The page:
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Fire severity, fire spread and lessons learned from the 2019-2020 fire season

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September 22, 2020
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Tuesday 12:30pm, September 22nd 2020

The NSW Bushfire Risk Management Research Hub webinar series presents the research projects undertaken by the Hub to assist the NSW Bushfire Inquiry, 2020. The Hub supported the inquiry by providing analysis, technical and scientific advice and recommendations to ensure the inquiry has actionable, evidence based and rigorous information. 

The second webinar of the series is Fire severity, fire spread and lessons learned from the 2019-2020 fire season.

In this seminar we present an analysis of patterns of fire severity and fire behaviour for the 2019-2020 fire season. This fire season was exceptional for its length, running uninterrupted for many months, with the first recorded fire on the 9th of August, and ending on March 2nd, burning 5.5 million hectares in NSW in total. Extreme and catastrophic fire weather was associated with periods of major fire spread, although the largest fire, Gospers Mountain, spread under more moderate conditions.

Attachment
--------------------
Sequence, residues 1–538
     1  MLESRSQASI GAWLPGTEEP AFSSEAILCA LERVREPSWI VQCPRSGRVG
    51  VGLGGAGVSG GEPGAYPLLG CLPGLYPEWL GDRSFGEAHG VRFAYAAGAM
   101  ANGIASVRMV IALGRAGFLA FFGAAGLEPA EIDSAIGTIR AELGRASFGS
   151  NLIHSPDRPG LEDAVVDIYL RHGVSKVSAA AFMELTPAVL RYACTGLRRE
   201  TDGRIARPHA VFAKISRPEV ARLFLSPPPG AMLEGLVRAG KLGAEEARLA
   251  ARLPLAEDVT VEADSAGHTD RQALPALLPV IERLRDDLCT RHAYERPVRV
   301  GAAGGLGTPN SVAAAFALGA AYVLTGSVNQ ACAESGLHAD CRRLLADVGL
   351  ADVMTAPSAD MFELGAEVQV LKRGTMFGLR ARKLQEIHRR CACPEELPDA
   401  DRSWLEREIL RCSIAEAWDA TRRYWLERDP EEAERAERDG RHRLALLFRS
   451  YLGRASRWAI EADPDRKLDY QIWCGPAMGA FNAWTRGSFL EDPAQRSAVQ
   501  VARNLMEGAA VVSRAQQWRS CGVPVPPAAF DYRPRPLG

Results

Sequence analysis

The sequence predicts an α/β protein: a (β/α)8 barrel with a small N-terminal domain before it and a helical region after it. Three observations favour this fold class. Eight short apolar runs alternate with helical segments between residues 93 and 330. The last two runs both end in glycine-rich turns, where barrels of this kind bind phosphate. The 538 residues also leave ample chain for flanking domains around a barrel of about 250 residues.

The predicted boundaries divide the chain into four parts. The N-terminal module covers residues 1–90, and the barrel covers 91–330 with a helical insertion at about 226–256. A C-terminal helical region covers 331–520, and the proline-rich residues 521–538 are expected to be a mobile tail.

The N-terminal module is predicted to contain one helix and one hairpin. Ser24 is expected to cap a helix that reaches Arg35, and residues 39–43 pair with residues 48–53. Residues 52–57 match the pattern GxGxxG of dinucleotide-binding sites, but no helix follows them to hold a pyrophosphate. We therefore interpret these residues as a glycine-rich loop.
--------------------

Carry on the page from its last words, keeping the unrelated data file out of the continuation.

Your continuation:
Not all fire has the same ecological impact; “severity” is the measure of the impact of fire in terms of layers of vegetation burnt and canopy loss. Satellite measurements are increasingly able to provide fine-scale measures of severity over broad areas, and this seminar will discuss the FESM algorithm used to map severity across the state for both this season, and previous seasons. We will discuss the drivers of patterns of severity across three case-study fires; Bees Nest, Gospers Mountain and the South Coast complex. Past fire was found to have some impact in reducing severity, although this effect was reduced for previously hazard reduction burnt areas under severe fire weather conditions. It is clear landscape burning can have some impact in reducing severity and slowing fire spread, but this effect is not consistent and can be relatively short-lived.

Presenters: Associate Professor Owen Price (University of Wollongong), Dr Rebecca Gibson (Department of Planning, Industry and Environment) and Dr Grant Williamson (University of Tasmania)



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